This new eight-cylinder Honda engine is the company’s first outside of racing.
Honda, the automaker that has never produced a V-8 engine for use in any of its road cars, has today introduced a 5.0-liter V-8. Technically, there existed a Honda Crossroad with a 3.9-liter Rover V-8 in the 1990s.
But, because this was essentially a rebadged Series I Land Rover Discovery, it wasn’t actually Honda’s V-8. Then there’s Honda’s 2.65-liter turbocharged V-8 IndyCar racing engine, which obviously isn’t a production V-8. Do you recall seeing that in an Accord? Exactly.
Finally, Honda produced a V-8 engine. Unfortunately, it will not appear in a Ridgeline, Pilot, or very raucous Civic. No, the BF350 is an outboard engine, so you’ll need a boat—and not a little one if you want to rock Honda V-8 power.
The BF350 is designed for boats 25 feet or longer and produces 350 horsepower at 5500 rpm. We’d think that’s the most power it’ll ever produce, given that the rating is on bunker-fuel 86 octane and the entire throttle range is 6000 rpm.
To accommodate for production discrepancies, outboard manufacturers are permitted a 10% fudge factor on stated horsepower, resulting in some comically undervalued motors like the Mercury 200 Pro XS—a 4.6-liter V-8 rated at 200 horsepower.
Honda’s new V-8 will appeal to Fox-body Mustang lovers with its 302 cubic-inch displacement and boisterous Civic fans with its VTEC variable valve timing and lift (the 32 valves are controlled by a single cam).
The engine also has the BLAST technology, which stands for Boosted Low-Speed Torque, and increases ignition timing when the throttle is abruptly opened.
The throttle-by-wire technology offers cruise control, which maintains speed independent of load or sea conditions, and the BF350 is compatible with joystick controls, allowing multi-engine boats to effectively sidle up to a dock sideways.
Honda claims that the BF350’s 30-degree offset crankshaft is produced to the same specs as the Acura NSX crankshaft.
The BF350 is a tad big, weighing 765 pounds in its lightest configuration. Mercury’s 350 Verado weighs 695 pounds and is powered by a 5.7-liter V-10. In terms of pricing, well… Honda claims it won’t reveal pricing until next year, but an unintended leak suggested that $46,000 would be a reasonable starting point.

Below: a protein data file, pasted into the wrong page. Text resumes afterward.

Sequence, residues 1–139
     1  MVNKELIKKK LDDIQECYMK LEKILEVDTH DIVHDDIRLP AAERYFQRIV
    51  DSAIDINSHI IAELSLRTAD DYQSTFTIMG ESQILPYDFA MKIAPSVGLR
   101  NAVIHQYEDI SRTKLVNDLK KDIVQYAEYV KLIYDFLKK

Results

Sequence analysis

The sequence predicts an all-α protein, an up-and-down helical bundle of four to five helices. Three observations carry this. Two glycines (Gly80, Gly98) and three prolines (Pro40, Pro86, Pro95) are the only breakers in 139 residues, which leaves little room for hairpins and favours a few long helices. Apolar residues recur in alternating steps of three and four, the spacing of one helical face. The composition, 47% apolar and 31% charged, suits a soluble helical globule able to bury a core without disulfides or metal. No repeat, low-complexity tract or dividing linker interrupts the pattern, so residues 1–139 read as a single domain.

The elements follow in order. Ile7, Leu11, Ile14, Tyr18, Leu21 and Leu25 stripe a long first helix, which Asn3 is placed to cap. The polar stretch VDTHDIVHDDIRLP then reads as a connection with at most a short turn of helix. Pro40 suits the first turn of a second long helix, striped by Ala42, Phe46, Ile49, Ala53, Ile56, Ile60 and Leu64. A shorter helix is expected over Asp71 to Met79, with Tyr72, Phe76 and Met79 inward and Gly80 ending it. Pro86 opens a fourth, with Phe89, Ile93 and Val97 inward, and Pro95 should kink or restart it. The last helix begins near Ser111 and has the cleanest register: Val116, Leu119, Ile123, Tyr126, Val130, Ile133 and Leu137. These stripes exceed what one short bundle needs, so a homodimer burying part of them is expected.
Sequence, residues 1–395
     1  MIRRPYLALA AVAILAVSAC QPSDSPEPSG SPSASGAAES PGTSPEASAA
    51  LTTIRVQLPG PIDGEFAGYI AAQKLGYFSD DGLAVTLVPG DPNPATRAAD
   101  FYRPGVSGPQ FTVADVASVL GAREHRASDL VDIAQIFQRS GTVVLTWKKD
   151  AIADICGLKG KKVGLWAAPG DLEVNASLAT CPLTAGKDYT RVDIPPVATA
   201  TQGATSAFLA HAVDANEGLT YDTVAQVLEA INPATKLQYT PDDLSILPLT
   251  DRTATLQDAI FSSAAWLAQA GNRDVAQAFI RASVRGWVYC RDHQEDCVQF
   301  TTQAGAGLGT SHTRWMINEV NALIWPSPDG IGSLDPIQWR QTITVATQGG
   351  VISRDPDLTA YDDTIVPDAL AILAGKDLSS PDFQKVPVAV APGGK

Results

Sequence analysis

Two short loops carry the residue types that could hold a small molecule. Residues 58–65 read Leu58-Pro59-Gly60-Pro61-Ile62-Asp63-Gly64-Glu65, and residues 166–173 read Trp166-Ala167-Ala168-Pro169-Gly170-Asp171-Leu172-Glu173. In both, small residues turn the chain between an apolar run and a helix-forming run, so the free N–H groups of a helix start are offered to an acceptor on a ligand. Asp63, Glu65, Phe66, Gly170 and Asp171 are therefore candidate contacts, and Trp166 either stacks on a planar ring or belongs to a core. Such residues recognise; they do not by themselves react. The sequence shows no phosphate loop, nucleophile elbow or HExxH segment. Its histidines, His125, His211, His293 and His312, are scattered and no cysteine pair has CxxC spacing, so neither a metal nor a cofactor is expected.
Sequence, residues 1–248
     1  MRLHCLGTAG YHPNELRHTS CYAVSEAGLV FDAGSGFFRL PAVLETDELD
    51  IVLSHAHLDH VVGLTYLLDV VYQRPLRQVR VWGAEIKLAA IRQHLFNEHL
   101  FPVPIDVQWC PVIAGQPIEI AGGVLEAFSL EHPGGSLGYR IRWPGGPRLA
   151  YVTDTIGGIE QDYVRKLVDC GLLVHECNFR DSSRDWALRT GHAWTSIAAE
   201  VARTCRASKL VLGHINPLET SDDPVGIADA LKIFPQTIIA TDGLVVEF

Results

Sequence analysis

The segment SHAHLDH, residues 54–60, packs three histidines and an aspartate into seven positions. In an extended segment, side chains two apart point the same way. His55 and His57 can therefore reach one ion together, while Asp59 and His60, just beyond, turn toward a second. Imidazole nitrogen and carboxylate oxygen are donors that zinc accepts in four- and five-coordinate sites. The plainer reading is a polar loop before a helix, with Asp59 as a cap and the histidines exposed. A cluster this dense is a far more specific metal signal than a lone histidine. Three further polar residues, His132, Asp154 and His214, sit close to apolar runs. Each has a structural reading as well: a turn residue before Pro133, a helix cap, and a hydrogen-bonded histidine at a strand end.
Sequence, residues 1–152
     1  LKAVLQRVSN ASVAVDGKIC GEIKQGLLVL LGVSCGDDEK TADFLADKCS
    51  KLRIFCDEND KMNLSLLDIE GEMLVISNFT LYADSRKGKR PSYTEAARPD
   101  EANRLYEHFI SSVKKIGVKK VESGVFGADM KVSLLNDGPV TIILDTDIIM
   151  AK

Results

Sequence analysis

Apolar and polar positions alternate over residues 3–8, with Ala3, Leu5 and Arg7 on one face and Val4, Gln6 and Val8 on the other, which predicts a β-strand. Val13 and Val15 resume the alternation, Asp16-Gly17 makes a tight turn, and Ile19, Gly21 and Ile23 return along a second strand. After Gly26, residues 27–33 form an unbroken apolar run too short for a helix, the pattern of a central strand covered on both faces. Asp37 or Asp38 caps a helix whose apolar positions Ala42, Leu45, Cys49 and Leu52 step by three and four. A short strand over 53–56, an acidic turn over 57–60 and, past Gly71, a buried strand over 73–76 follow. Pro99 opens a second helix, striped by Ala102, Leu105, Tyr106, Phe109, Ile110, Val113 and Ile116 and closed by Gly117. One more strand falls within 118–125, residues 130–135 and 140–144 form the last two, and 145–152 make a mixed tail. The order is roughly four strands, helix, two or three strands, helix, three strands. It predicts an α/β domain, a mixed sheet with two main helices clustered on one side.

Outboard pricing is notoriously enigmatic, but that would be around the same as a pair of four-cylinder Yamaha 200s.
As a result, like with most engines of this capacity, the BF350 is more likely to wind up on large, multi-engine boats rather than single-engine boats intended for 350 to 400 horsepower.
If you can’t be the man or gal with them hanging from the back of your boat, you’ll want to befriend them at the very least. Aquamarine Silver or Grand Prix White engines with chrome badging and black trim are available.
Honda claims the BF350 as being particularly quiet and vibration-free. We find no downside to these beauties when combined with their “amazing power, excellent speed, and exciting acceleration.” Apart from not having a boat. Or cash. As a result, option two—know a wealthy person—was chosen.
If you want to drive a V-8 Honda on land, there is precedence for Honda presenting street-bound technology on water.
Honda was all-in on naturally aspirated engines for its automobiles in 2002, but their Aqua Trax F12X personal watercraft was powered by a dry-sump, turbocharged 1.2-liter four-cylinder with 163 horsepower.
Did the Aqua Trax pave the way for today’s Civic Type R? That definitely didn’t harm, in our opinion.
Even if Honda never produces a street-legal V-8, a BF350 will eventually be dunked, resulting in an insurance write-off. Then consider the Copart options. There aren’t any Honda V-8s on the road just now, but if you see an Insight sporting 5.0 badges somewhere in the far future, it’s not a joke.
Ridgeline as a factory option is unusual, especially given that V-8s are a dying species, and introducing one now, when EVs are growing, would be strange. The BF350 is designed for yachts 25 feet and longer; the price is not yet disclosed,
The unveiling of the BF350, Honda’s first commercially accessible V-8 engine, comes ahead of the International Boat Builders Expo & Conference (IBEX) in Tampa, Florida, in early October.